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BusinessDay 16 Apr 2018

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Monday 16 April 2018 10 BUSINESS DAY C002D5556 COMMENT comment is free Send 800word comments to comment@businessdayonline.com Severe head injuries (trust, deception and good neighbours) BASHORUN J.K RANDLE Randle is Chairman/Chief ExecutiveJK Randle Professional Services Chartered Accountants While we may differ over the coup d’état of 15th January 1966 and the counter coup of 29thJuly, 1966, forensic auditors have submitted their cryptic report: “The Nation Was Left With Severe Head Injuries” That is what prompted Bill Gates, the second richest man in the world who was at the Special Session of the National Economic Council held at the Presidential Villa on Thursday March 22, 2018, to declare as follows: “Nigeria is one of the most dangerous places in the world to give birth, with the fourth worst maternal mortality rate in the world, ahead of only Sierra Leone, Central African Republic, and Chad. One in three Nigerian children is chronically malnourished.” “The Nigerian government’s Economic Recovery and Growth Plan identifies “investing in our people” as one of three “strategic objectives.” But the “execution priorities” don’t fully reflect people’s needs, prioritizing physical capital over human capital.” Here you can see Nigeria’s per capita GDP growth from 2000 until today. If current education and health trends continue—if you spend the same amount in these areas and get the same results—per capita GDP flatlines, with economic growth just barely keeping up with population growth. In 1978, Dr. OlikoyeRansome- Kuti, who later became the Nigerian minister of health, helped establish primary health care as the global standard.Tragically, 40 years after Dr. Ransome-Kuti helped other countries set a course for the future, the Nigerian primary health care system is broken. The evidence for this can be found in the epidemic of chronic malnutrition, or stunting.” We also have the following front page report from “The Nigerian Tribune” newspaper of 26th March, 2018: Headline: “How CBN moved over N100 billion to Jonathan’s residence ahead of 2015 poll” – Presidency Sources This is nothing but desperation – Jonathan’s aide “Few days after Vice-President Yemi Osinbajo alleged that billions of naira were withdrawn by former President Goodluck Jonathan-led government and shared a few days before the 2015 elections, more details are emerging, showing how several tranches of funds were illegally removed. According to a Presidency source, some new but dramatic details of how some of the funds were illegally transported from the Central Bank of Nigeria (CBN) to the private residence of the former President Jonathan had now emerged. In that particular case, the former NSA [National Security Adviser] personally supervised the physical transfer of the money from the CBN vaults to the private residence of the former president. “In one particular instance, over N70 billion was released in parts from the national treasury between January 8 and February 25, 2015. The over $289 millionwhich was also referenced last week by the vice president is said to be included in this particular “Nigeria is one of the most dangerous places in the world to give birth, with the fourth worst maternal mortality rate in the world, ahead of only Sierra Leone, Central African Republic, and Chad. One in three Nigerian children is chronically malnourished.” series of illegal transactions,” the source stated. The Presidency source also said minutes of the CBN board meeting of August 25, 2014 indicated the board’s approval of another N60 billion requested by the former president and released later by the apex bank. A Presidency source said the sum, which was okayed by the CBN board, was not tied to any project or procurement and was meant and disbursed purely for campaign purposes, through the office of the then NSA and the State Security Services (SSS) leadership at the time. Specifically that N6o billion that was okayed by the CBN on August 25, 2014was said to have been shared between the two security agencies thus: N40 billionwent to the NSA while N20billion was released to the SSS,” it added. While some of these newly emerging fund disbursements have been traced to the former NSA, there were indications that some of the funds were unconnected to the ongoing defence contract trials of the former NSA. The $289 million mentioned by the vice president last week at the seventh Presidential Quarterly Business Forum for private sector stakeholders was released on February 25, 2015. “Documents, including cash vouchers, indicate that $289,202,382 was released in cash to the NIA by the Central Bank of Nigeria from the Joint Venture (JV) Cash Call Account No. 000-0000- 11658-366 of the NNPC/NAPIMS with JP Morgan Chase Bank, New York, USA. At the exchange rate then of N199 to a dollar, $289 million is equivalent to about N60 billion. But had the money not been stolen, it would be at today’s rate over N104 billion,” it added. According to the Presidency source, another set of illegal fund was withdrawn under one week between January 8 and 16, 2015. It said the sum of N1.5 billion was released in three tranches of N300 million, N400 million and N800 million. “This money was released from the MEA Research Library Account to the Join-trust Dimension,” an official source with knowledge of the transaction disclosed. The source further said the sum was transferred to their various political associates, which included a former minister. Further findings showed that N350 million was allegedly transferred to one of President Goodluck Jonathan’s ministers on February 2, 2015 and another N250 million was allegedly transferred to him on February 19, 2015. A document further showed that yet another N10 billion was released to the Office of the NSA by the CBN on September 15, 2015. The money was said to have been released in tranches of foreign exchange of $47 million, $5 million, 4 million euros and 1.6 million euros. A letter from the Office of the NSA in November 2014 further showed that the money was released by the CBN as ‘funds for special services’. Findings also showed that this particular CBN release of N10 billion was sourced in November 2014 from a N40 billion CBN released funds meant for Corporate Social Responsibility (CSR). It was this N10 billion that the source claimed former President Jonathan instructed the CBN governor and the then NSA to deliver to him personally in a private residence in Abuja. Sources said the money was illegally transferred using CBN van for the use of “PDP presidential primaries.” Responding to the allegations, special assistant on new media to Dr. Goodluck Jonathan, Reno Omokri, said “this is nothing but the desperate last throes of a government that came in through propaganda and is about to go out because of a lack of proper agenda.” In a statement on Sunday night, Omokori said the allegation was false, adding that the former administration was acknowledged globally for its anti-corruption drive. “President Jonathan’s administration has the enviable record of advancing Nigeria’s anti-corruption war and delivered results to the point where we made our best ever improvement in Transparency International’s CPI in 2014, when we moved eight places forward from 144 to 136,” he said. He said there was nobody involved in ensuring the emergence of President Muhammadu Buhari who had not secretly or openly regretted it, adding that “even his own wife, Aisha, is full of regrets and has not hidden it.” Send reactions to: comment@businessdayonline.com BISI ADEYEMI Bisi Adeyemi is the Managing Director of DCSL Corporate Services Limited. For comments and reactions, kindly contact badeyemi@dcsl.com.ng. Executives inevitably see themselves as responsible for the success of their organizations - and perhaps blame the microeconomic environment and other factors when they fail. This sense of accomplishment oftentimes comes with a surreal feeling of invincibility and executives sometimes have a sense that with all the responsibility on their shoulders, Non-Executive Directors should not question their proposals as that would only distract them.Thus, they sometimes tend to take excessive risks which could put shareholders value at risk. Where these pay off, they feel justified to “extract” excessive Preventing ethical misconduct compensation. However, there is a thin line between excessive risk taking and unethical conduct. In the continuous effort to align shareholder value with those of Managers, the Board seeks ways of linking executive compensation to corporate performance. Performance bonuses based on profit and other metrics, share options and grants are incentives that seek to achieve this alignment. For the most part, these are effective. However, where the Board has not hired executives with high ethical values, these tend to engender bad behavior- performance at all cost. This is not to say that all that is required is seeking and hiring “honest, morally upright and good people”. Executives with a track record of “moral uprightness” have been known to “turn coat” or “succumb to temptation”. In the same vein, formulating a detailed written statement of ethics or specific documented policies do not necessarily prevent ethical misconduct. The 65-page Enron Corporate Code of Ethics was intended to help guide employees in “conducting the business affairs… in accordance with all applicable laws and in a moral and honest manner.” Things didn’t quite pan out as envisaged. What then should the Board do? Typically, the start point is for the Board to define the culture of the organization. This is a major responsibility of the Board which it cannot delegate to Management. Clearly, drilling down across the organization will be the responsibility of Management and monitored periodically by the Board. What values do we want to espouse? What kind pf people do we want to be? How do we want to do business? Once the Board has clarity on this, it needs to have this documented in the form of a Code of Ethics, which provides guidance on compliance expectations. As much as possible, the Code should provide examplesto guide employees and clarify expectations. A Whistle Blowing Policy and appropriatemechanism for implementation should also be put in place. The Board then needs to set the appropriate “tone at the top” by demonstrating a commitment to the ethical values it has defined. Designating a corporate ethics officer of sufficient seniority, reporting to the Board (this is critical) and an ethics management team to manage Corporate Ethical Culture is an indication of the Board’s commitment and sends a message that the Code of Ethics and related policies are not perfunctory. In addition,hiring and firing decisions must incorporate the organization’s values. The performance appraisal process must tie reward systems to indicators of integrity as well as to other measurements of productivity. Furthermore, it is important to consistently reward integrity and to make sure that these instances are publicized throughout the organization. It is also important that a transparent disciplinary process is in place to deal with violations.There should be no “sacred cows” and decisive action should be taken where violation is established – at whatever level. The Board should ensure that there is on-goingethicaltraining, not just for employees, but for third parties the organization deals with – vendors, suppliers, consultants, regulators, etc. As much as possible, practical sessions should beincorporated into the training programs to ensure clarity. Having set out the ground rules, the appropriate tone, there should be asystem in place to monitoremployee conduct to ensure there is alignment with expectations. A periodic review of the various decision-making systems and critical points where the organization may be vulnerable should be undertaken. The Board should ensure that the Whistle Blowing Mechanism continues to be effective and that whistle blowers are adequately protected. It is good practice to outsource the whistle blowing mechanism to ensure confidentiality and encourage employees to use it. To ensure that it is not perceived as a “feel good” or “nice to have”, it is imperative that decisive action is taken against ethical misconduct – no matter who the culprit is. Send reactions to: comment@businessdayonline.com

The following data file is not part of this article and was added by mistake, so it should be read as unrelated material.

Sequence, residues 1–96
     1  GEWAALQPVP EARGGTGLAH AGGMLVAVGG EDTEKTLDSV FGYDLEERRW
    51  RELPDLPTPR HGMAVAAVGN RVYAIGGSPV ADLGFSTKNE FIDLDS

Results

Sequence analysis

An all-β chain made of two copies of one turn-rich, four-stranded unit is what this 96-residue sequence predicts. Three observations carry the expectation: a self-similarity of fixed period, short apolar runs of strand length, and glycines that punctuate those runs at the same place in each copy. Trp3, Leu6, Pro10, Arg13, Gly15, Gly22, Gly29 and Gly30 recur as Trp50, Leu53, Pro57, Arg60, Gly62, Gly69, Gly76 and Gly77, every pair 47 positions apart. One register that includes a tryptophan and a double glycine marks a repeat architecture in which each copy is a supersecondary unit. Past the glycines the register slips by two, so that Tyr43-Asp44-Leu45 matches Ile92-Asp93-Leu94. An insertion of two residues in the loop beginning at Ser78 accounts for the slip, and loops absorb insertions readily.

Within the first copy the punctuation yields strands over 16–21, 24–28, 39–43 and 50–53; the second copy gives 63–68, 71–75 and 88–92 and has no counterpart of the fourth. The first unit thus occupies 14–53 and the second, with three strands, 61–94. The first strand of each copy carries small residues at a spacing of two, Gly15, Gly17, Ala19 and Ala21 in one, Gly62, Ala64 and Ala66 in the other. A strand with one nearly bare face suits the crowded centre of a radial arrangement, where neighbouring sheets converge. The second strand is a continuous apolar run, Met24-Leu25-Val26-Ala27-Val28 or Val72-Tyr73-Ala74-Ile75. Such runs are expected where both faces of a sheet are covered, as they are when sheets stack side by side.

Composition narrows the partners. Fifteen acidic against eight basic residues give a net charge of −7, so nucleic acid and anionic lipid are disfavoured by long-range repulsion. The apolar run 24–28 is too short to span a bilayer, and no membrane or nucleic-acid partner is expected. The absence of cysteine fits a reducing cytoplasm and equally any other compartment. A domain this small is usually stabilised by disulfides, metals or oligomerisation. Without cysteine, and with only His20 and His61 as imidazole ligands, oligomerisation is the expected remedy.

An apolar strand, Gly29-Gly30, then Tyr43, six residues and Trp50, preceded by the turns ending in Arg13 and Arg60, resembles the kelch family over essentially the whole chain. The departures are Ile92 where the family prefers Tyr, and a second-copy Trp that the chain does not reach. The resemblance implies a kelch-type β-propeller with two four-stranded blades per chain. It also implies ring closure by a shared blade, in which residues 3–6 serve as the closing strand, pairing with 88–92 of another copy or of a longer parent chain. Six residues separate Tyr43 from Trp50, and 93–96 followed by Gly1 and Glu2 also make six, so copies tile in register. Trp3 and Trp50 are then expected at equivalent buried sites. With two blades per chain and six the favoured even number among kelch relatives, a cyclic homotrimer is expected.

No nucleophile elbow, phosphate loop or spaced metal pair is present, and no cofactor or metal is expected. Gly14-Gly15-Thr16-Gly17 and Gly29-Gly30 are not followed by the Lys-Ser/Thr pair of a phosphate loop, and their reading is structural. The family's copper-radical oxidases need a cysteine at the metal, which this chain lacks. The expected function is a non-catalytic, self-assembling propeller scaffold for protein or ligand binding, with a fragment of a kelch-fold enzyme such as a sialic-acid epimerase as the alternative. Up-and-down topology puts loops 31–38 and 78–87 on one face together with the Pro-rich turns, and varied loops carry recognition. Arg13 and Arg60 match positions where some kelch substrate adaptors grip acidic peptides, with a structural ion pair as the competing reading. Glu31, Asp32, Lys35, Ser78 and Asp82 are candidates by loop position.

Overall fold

Monday 16 April 2018 COMMENT C002D5556 BUSINESS DAY 11 comment is free Send 800word comments to comment@businessdayonline.com Buhari’s insincerity on corruption portends future failure OLADIRAN OLA BELLO Dr. Bello, holds MPhil and PhD degrees from Cambridge University and is the Executive Director of Good Governance Africa (GGA). Analysts are likely to look back in a decade from now and adjudge President Buhari’s floundering anti-graft efforts as a case-study in how not to fight corruption. This is given all the challenges – many endemic, some recently self-inflicted – that Nigeria continues to grapple with. Issues that have hampered the ongoing attempts to tackle theft and wilful mismanagement of the country’s resources are legion. They range from operational lapses including institutional gaps, wrong tooling, a proclivity for media spectacle instead of serious investigative work, and a counter-productive tendency to disregard due process. This is not mentioning the political failings evident in the government’s lack of political will, balance, sincerity, and the naked politicisation that has created sacred cows to the detriment of Buhari’s very credibility. Whilst the above needlessly hobble government efforts to rein in corruption, the absence of an informed and engaged citizenry has also not helped. We must be more willing to transcend the ethnic and the other distractions better to maintain effective vigilance over our public functionaries. The immediate spur for this article is the N1.4tn, which according to the junior oil minister, is now being spent annually on oil subsidy outside the regular budget. Essentially, the difference between the N171 cost of importing petrol per litre and the regulated N145 pump price is being funded from the accounts of the Nigerian National Petroleum Company (NNPC) as “under recovery”. We have simply moved from a not very transparent subsidy system under the previous administration to an extremely opaque one in the current dispensation. The NNPC spends what is effectively billions of dollars on petrol subsidy, without any detailed account being rendered publicly or the underlying mechanisms transparently explained. Little wonder that the NNPC has quietly stepped away from its widely commended move in 2016 towards the monthly publication of its detailed financial position. With much of the earmarked subsidy disappearing into private pockets in years past, Nigeria now has even less of a chance at ensuring accountability with the present arrangement. The extant NNPC subsidy programme and the obfuscation over how it is financed away from legislative oversight is the biggest economic corruption scandal that Nigeria has seen in the past three years. And that is leaving aside the currency subsidy in the form of the N285 concessional rate at which the NNPC accesses dollars from the central bank for fuel importation. Faulty foundation Evidence of the logical and procedural flaws in Nigeria’s battle against graft are littered all around us and threatening to drown the nation. The Buhari government’s lack of consistent attention to strengthening procedural accountability remains all-too-central to the difficulty dogging fiscal administration and reform. Changing this will be vital to improve our perception in the Transparency International ranking. For a government that prides itself on its anticorruption stance, the “invisible” subsidy represents a regrettable step backwards in terms of embedding transparency in the workings of government. What is most pressing is not loot recovery or naming and shaming perpetrators. It is the reshaping of institutions and fine-tuning of processes throughout government to make it difficult to divert or intentionally mismanage public funds in the first place. Just this week, a call went out from the administration for the EFCC and ICPC to investigate violations of the Public Procurement Act of 2007. Many observers doubt the sincerity or even the political neutrality of this sudden show of interest in regularising procurement. It normally should be a routine, institutionalised process overseen by empowered bodies such as the Auditor-General’s office. The latter though remains of marginal relevance even as Nigerians agitate unsuccessfully for the public disclosure of the emolument package of national lawmakers. Neither the demand side petitions using Nigeria’s Freedom of Information Act of 2011 nor the supply side relying on the discretion of the Auditor- General’s office have led to this information being published. The Public Complaints Commission (the Ombudsman) remains moribund, which arguably suits errant functionaries. Meanwhile, the limitations of the Revenue Mobilisation and Fiscal Allocation Commission Board have been exposed with the March2018 revelation by Senator Shehu Sanni of the unappropriated “running expenses” of N13.5m paid to each Nigerian senator monthly and a slightly lesser sum given to those in the lower legislative house. This was just one in a series of revelations that should normally cause outrage among Nigerians. Citizens though have failed consistently to leverage the sort of opportunity for mass action for change that such occasions present. The bar for anti-corruption has been set so low in Nigeria that citizens Why didn’t the squabbling political actors save face by requesting the secondment of a suitably qualified anticorruption technocrat from the UK to replace Magu?... Nothing is more injurious to Nigeria’s bid to instil discipline, probity and accountability than a government which undermines the law in its ill-conceived and incompetent pursuit of justice willingly credit Buhari’s mediocre achievement on graft. The dominant incentive pattern determines the morality of a society. Alleged mismanagement of Nigeria’s treasury is left unpunished. From the outgone president, Goodluck Jonathan, to his predecessors, all remain immune. It is inconceivable that we could deter would-be offenders when current and past misdeeds are papered over. A bold anti-corruption leader would take risks in seeking exemplary prosecutions that touch errant public office holders from all of Nigeria’s geopolitical zones. That surely would give the lie to politicians who have always exploited our dysfunctionality and ethnic and religious fractiousness to allege that anti-corruption prosecutions are sectional or biased. Brazil’s former president Lula began a twelve year jail term this week after being convicted for corruption. Jacob Zuma, South Africa’s immediate past president, is being swiftly brought to justice. In Nigeria, meanwhile, those who pocketed multiples of Zuma’s corruption proceeds still walk free. Stuck in a rot The false foundations and procedural weaknesses in President Buhari’s anti-corruption war have been glaring from his first weeks in office. He started well by implementing the treasury single account initiative began by his predecessors. Buhari’s government then controversially introduced multiple windows for foreign exchange. This remains one of the biggest opportunities for unearned income and large-scale financial transfers ever seen in Nigeria. The damage is only being partly mitigated by the recently introduced and more transparent investors and exporters segment. In legislative terms, the idea of a special anticorruption court has been mooted but its lethargic consideration by our lawmakers contrasts sharply with their enthusiastic pursuit of the death sentence for kidnapping and hate speech crimes leading to the loss of victims’ lives. Evidence of the duplicity in Buhari’s anti-graft fight continues to mount. This includes cases such as that of Babachir Lawal, former scribe to the government, and his alleged diversion of N220 million intended for those displaced by Boko Haram in the northeast. Ambassador Ayo Oke, former head of the National Intelligence Agency, allegedly hid $43million of government’s fund in a Lagos apartment. The National Health Insurance Scheme’s boss, Professor Usman Yusuf, was reinstated despite being under investigation for fraud involving N919 million. Abdulrasheed Maina, who escaped being arrested for a N2.7 billion pension scam, was brazenly reinstated into the civil service with a promotion. Although directives have been given by President Buhari that all personalities involved in the cases should be investigated, the delayed action from the top came mostly after public pressure. For those seeking serious examples in prosecuting graft, the recent announcement of a partial and politicised list of so called treasury looters by Nigeria’s information minister is unlikely to inspire much confidence. By contrast, Ghana’s president set a good example in his surprising appointment of Martin Amidu, a respected and uncompromising anti-corruption crusader from the rank of the country’s opposition, to head his new anti-graft agency. With this appointment, Ghana’s president won the public over, sending out an unequivocal message about the genuineness of his effort. A few public figures once considered untouchable from both side of Ghana’s great political divide have since been hauled before the special courts for corruption. Ghana’s achievement here is not a one-off. The revelation in 2015 by a brave investigator, Anas Aremeyaw Anas, who secretly filmed justices receiving bribes, led to the jailing and the premature termination of the career of several judicial functionaries. Nigeria, by contrast, was lethargic in dealing with revelation of justices stashing away corruptly obtained funds, including in a bathroom in one of the cases. The best that Nigerians got was obfuscation and a rare guard action of the sort that has effectively left disciplinary procedures for errant justices in the hand of the National Judicial Council. The body itself is perceived by many to be far from neutral and it can, in any case, only dismiss judicial officers. Its power does not extend to meting out sentences for wrong doers. What incentive patterns are being created when incidents of corruption involving judges cannot be prosecuted in normal courts presided over by one of their own peers but hushed away within disciplinary procedures? Try a new tack Nigeria continues to sustain serious economic damage owing to the unwillingness of those in government to launch a no-holdsbarred anti-corruption war. After clashing over the EFCC head, Ibrahim Magu, Nigeria’s presi- dent and lawmakers began a long standoff which prevented the Central Bank’s monetary policy committee from meeting for months as lawmakers refused to conduct confirmation hearings for nominees to a slew of public offices. Why didn’t the squabbling political actors save face by requesting the secondment of a suitably qualified anti-corruption technocrat from the UK to replace Magu? The UK’s Serious Fraud Office has been almost exclusively in charge of all the high corruption cases successfully pursued against Nigerian functionaries in the past two decades. British prosecutors led the prosecution of Nigerian politicians from Alameseigha to Dariye, through Ibori to Deizani Alison- Madueke. The latter’s case is still ongoing in London. A top level international hire to lead the EFCC will likely inspire the younger generation of Nigerian prosecutors to high professionalism. Exposure to a different managerial culture at the helm may encourage them to properly prioritise water-tight investigations before indictments are unsealed. Defects in the EFCC’s operational culture reflects the background of its headsto date. From Nuhu Ribadu to Farida Waziri all the way to Ibrahim Lamorde and Ibrahim Magu, each has been a career police officer. Leading the EFCC effectively requires skillsets beyond the core policing functions. Serious damages have been incurred as government unwisely side-steps the rule of law. Examples include the continuing detention of Sambo Dasuki, former National Security Advisor, in disregard of court orders. Nothing is more injurious to Nigeria’s bid to instil discipline, probity and accountability than a government which undermines the law in its ill-conceived and incompetent pursuit of justice. A foreign EFCC head will operate in the full glare of the international community, likely enhancing their immunity from political pressure, manipulation or even blackmail. This is not to suggest that Nigeria lacks suitably qualified citizens who can do the job or that a foreign recruit will approximate a saint. Rather, it is a call for the closing of the circle, to welcome direct and constructive inputs from better-equipped partners that have given Nigeria copious anti-corruption support in recent years. UK prosecutors are especially well-positioned with the unrivalled wealth of financial intelligence they possess on corrupt Nigerian individuals. If Buhari dared, he might have found in a foreign anti-corruption czar an invaluable ally and wise counsel that could boost his ostensible bid to save Nigeria from corruption. That might also strike fear into a few incorrigibly corrupt figures in high places. Send reactions to: comment@businessdayonline.com